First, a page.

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Bailing out the people: The public cost of excess private debt

Since the financial crisis researchers have extensively explored the dangers of excessive public debt, but excessive private debt has received less attention. This column documents a common form of indirect private sector bailout that goes largely unnoticed. Whenever households and firms are caught in a debt overhang and need to deleverage, governments come to the rescue through a countercyclical rise in public debt. This indirect substitution takes place even in the absence of a crisis.

The Global Crisis, along with ravaging the world economy, has awoken economists to the dangers of unchecked private debt. Excessive private leverage has been linked in recent papers to increased risks of financial crises (Schularick and Taylor 2012), weaker recoveries (Mian et al. 2013), and lower medium-term growth (Mian et al. 2017). A few papers in this burgeoning literature explore the fiscal costs of excess private leverage (Reinhart and Rogoff 2011) partly inspired by the staggering rise in advanced countries’ public debt in the aftermath of the recent crisis. However, the existing evidence and policy debate have so far revolved around financial crises and the associated costs of bank bailouts. 

In a recent paper, we argue that excess private debt tends to spill over into the public-sector balance sheet regardless of whether the leverage cycle resulted in a crisis or a more orderly deleveraging process (Mbaye et al. 2018a). Our results suggest that the spillover operates mainly through growth – and not as much through the explicit assumption of liabilities by the government. The basic mechanism works as follows – whenever the private sector is caught in a debt overhang, the ensuing deleveraging process weighs on activity, thus prompting the government’s response through higher borrowing to support the economy. We show that this is a recurrent pattern through history, where excess private debt systematically leads to higher public debt.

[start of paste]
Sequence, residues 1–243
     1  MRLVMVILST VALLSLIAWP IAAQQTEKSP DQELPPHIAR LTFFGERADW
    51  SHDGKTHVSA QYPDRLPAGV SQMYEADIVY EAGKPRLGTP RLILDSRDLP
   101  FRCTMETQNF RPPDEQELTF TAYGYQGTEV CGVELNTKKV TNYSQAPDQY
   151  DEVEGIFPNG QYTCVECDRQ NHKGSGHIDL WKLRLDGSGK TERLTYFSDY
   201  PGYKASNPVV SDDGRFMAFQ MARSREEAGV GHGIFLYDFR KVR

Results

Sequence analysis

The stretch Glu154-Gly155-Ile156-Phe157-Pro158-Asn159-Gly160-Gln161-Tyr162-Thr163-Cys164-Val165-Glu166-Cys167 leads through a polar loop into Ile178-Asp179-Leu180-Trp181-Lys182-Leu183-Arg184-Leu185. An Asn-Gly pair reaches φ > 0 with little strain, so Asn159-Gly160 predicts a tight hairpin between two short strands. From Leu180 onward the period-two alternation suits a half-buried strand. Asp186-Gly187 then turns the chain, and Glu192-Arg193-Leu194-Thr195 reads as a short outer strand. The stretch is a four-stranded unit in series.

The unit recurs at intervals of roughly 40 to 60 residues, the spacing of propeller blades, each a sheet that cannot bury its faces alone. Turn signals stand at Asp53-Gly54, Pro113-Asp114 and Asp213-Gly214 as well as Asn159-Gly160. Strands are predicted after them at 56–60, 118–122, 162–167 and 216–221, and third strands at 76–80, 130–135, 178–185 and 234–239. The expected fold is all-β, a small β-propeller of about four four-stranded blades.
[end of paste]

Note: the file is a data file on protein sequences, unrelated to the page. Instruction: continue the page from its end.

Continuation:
New debt data for 190 countries

The analysis exploits new historical private and public debt data available in the Global Debt Database (Mbaye et al. 2018b), a unique dataset that provides an unparalleled account of private, public, and total debt for 190 countries going as far back as 1950. This allows us to study the dynamics of private deleveraging beyond the realm of a few major advanced and emerging markets economies, as is typical of most existing studies.    

Anatomy of private deleveraging 

We define a private deleveraging spell as the distance from a peak to the ensuing trough in the private debt-to-GDP ratio, identifying 535 private deleveraging episodes spread across several decades and various income levels. Figure 1 tracks the macroeconomic dynamics around the start of private deleveraging spells, indexed as year t = 0. It plots the results of event-studies à la Gourinchas and Obstfeld (2012), where each bar/line denote the change in the macroeconomic aggregate in question relative to ‘normal times’. To get a firmer grasp of private debt dynamics, we break down changes in the private debt-to-GDP ratio into the impact of the interest rate-growth differential – which we refer to as ‘macro-related changes’ – and the remaining component – which we call ‘leverage flows’. 

As expected, the private debt ratio grows faster in the run up to the deleveraging episode and contracts afterwards. However, a closer look at the underlying dynamics shows a less predictable picture – while the debt ratio is rising at an increasingly faster pace before the deleveraging episode, leverage flows (blue bars) are growing at an increasingly slower pace, turning negative one year before deleveraging begins. This suggests that the process of debt repayment starts earlier than visible in the private debt ratio.  

Figure 1 Macroeconomic dynamics during private deleveraging

Early deleveraging efforts are not visible in the debt ratio because of the dynamics of the ‘macro-related changes’ (Figure 1, panel a, yellow bar), especially GDP growth (panel b). The adverse impact on GDP more than offsets the deleveraging efforts of the private sector, thus contributing to pushing the debt ratio up. But the recession is short-lived, with growth returning to normal a year after the start of the deleveraging episode.